Ceisteanna—Questions. Oral Answers (Resumed). - Pre-Budget Submissions.

Trevor Sargent


15 Mr. Sargent asked the Minister for Finance if he will reconsider his unwillingness to accept pre-budget submissions, except from the official Social Partners, in view of the fact that this ruling excludes the Irish National Organisation of the Unemployed. [8570/96]

I announced in my budget speech that budget submissions should in future be made to the Select Committee on Finance and General Affairs. That committee will evaluate the contents of such submissions, will meet with representative groups and will submit a report to me with their recommendations.

It must be appreciated that in excess of 250 pre-budget submissions are made each year. It is not possible to comply with requests from all groups for meetings and, even where meetings have been arranged, the process has been unsatisfactory with groups simply stating the list of measures which their organisation want included in the budget.

The revised procedure will allow for much more in-depth consideration of budget proposals by interested groups. Proposals can be developed in consultations between groups and the Select Committee on Finance and General Affairs, the Dáil Committee which specifically deals with taxation and budgetary matters. The recommendations arising from this consultation process will constitute a valuable contribution to the formulation of the budget package. I am confident that the interests of the Irish National Organisation of the Unemployment will be well served through their contribution to this process.

Notwithstanding the Minister's reluctance to have 257 pre-budget submissions visited on him, does he agree the solution is not to transfer them to the Select Committee on Finance and General Affairs? Furthermore, does he agree that the decision he announced in his Budget Statement — not to meet any group in regard to such pre-budgetary submissions — was a bad one? Does he agree that some ideas advanced by Ministers originated from lobby groups? While some 90 per cent of what the Minister might hear by way of a pre-budget submission might be of little or no relevance, how can any Minister for Finance — the political head of his Department — expect to know what is occurring in the real world if he does not meet some lobby groups before budget day? Like his predecessors, I am sure his experience has been that, notwithstanding the good advice he receives from his civil servants, from time to time he must take a dip into the real world.

Let me be very clear about this, I meet people regularly. Each Thursday morning I meet five people for over an hour from what Deputy McCreevy described as the "real world", from the world of business, professional organisations and anybody else operating within our economy, when I meet the senior management of my Department, a practice I initiated in the Department of Enterprise and Employment and carried on into the Department of Finance. Frequently such discussions refer to economic policy, taxation measures or to specific sectoral interests and, from time to time, include suggestions or ideas subsequently explored in detail at bilateral level between my Department and relevant individuals or organisations. In addition, as any former Minister will know, my diary is permanently full of visits to and meetings with such individuals or organisations. The concept of any Minister for Finance being locked up in Upper Merrion Street, pouring over legislative books, is a myth.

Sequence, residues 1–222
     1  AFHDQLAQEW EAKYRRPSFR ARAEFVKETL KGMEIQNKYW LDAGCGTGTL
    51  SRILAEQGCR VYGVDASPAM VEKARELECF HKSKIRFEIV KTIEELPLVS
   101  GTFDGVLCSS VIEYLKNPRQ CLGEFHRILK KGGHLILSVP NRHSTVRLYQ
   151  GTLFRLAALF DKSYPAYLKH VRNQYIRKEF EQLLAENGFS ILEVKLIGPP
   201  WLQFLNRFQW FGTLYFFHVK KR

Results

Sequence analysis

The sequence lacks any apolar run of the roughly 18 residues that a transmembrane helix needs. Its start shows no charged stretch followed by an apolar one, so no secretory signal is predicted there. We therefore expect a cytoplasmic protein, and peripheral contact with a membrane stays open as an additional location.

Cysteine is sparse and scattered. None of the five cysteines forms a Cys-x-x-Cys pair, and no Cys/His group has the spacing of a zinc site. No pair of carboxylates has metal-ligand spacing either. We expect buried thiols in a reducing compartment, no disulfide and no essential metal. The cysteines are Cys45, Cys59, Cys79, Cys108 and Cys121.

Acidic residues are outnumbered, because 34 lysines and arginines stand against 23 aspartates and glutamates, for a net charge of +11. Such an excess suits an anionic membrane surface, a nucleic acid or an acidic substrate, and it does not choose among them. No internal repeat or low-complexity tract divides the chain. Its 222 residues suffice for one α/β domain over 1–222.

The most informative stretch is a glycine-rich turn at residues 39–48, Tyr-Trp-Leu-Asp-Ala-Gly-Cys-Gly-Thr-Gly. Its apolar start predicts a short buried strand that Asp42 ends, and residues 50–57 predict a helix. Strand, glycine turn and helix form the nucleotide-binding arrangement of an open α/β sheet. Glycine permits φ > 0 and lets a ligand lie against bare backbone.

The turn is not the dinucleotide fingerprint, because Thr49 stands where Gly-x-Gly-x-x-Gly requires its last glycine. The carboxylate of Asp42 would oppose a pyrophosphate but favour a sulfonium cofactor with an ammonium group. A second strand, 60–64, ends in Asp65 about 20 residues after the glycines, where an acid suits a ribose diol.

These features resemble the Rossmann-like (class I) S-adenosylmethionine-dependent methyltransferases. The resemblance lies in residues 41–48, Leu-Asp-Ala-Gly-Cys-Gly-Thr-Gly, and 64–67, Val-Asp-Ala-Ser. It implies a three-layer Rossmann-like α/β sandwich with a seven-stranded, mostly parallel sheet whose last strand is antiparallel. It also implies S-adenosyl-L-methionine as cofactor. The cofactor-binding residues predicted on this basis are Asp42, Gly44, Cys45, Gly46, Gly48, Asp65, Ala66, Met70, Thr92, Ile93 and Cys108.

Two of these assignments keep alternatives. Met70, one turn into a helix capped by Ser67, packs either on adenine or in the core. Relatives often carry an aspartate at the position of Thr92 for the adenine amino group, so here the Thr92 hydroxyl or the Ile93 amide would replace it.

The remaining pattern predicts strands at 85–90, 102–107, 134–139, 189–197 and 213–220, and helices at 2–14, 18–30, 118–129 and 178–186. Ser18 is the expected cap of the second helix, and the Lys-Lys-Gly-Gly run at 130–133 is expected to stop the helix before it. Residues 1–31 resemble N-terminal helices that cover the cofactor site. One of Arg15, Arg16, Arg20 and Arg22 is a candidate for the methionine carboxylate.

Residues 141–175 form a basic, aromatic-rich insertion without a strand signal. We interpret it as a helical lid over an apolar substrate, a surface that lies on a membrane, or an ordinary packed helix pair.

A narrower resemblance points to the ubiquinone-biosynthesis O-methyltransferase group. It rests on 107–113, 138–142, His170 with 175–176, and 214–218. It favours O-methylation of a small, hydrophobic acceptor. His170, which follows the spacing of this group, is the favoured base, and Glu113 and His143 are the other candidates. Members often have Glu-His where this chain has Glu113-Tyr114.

I wish to explain what was in my mind in regard to the suggestion I made which will, ultimately, be determined by the Select Committee on Finance and General Affairs. The pre-budgetary practice has exploded in volume terms in recent years with in excess of 250 submissions being lodged. While not all of them are accompanied by a request for a meeting with the Minister, approximately 50 groups would want to meet me, not in the month of June, July or August but some time between the end of November and beginning of January when I or any Minister for Finance will be in the process of formulating the annual budget. In many such cases what individuals or groups want is a photo call, simply to present their shopping list, have their photographs taken without engaging in any dialogue whatsoever. Other deputations present to me in private — as they would have done to my predecessors — a shopping list of their demands from the taxpayer in the budget without indicating what it is they or their organisation propose to offer in return, how the general taxation system should be improved or how taxpayers in general would benefit from accommodating their sectoral interests.

I am of the view that the evolution of our budgetary process inexorably will move in the direction of Parliament having a much greater say in the formulation of the annual Book of Estimates and budget in a manner similar to that which takes place in other continental democracies such as France, Spain and so on. That is a good thing. Anybody seeking a tax break from the budgetary system, through the Finance Bill or the budget, should be accountable to this House. Holding a private meeting behind closed doors with any Minister for Finance — the parties involved, rather than the Department of Finance, issue the relevant press statement to the effect that they made a very strong case on behalf of this or that group to which the Minister is presumed to have acquiesced by his silence — is not in accordance with the spirit of democracy that should obtain in this State. I made the suggestion in my Budget Statement for reasons of democratic accountability, transparency and efficiency because civil servants' involvement at that juncture is enormous. Ultimately it is for the Select Committee on Finance and General Affairs to decide whether it wants to engage in this process, whether, a group advocating a change in the tax law should be permitted to present its case and be questioned on it thus giving some idea of the overall economic benefit of any suggested change in the taxation system as distinct from a very articulate presentation on behalf of some lobby group.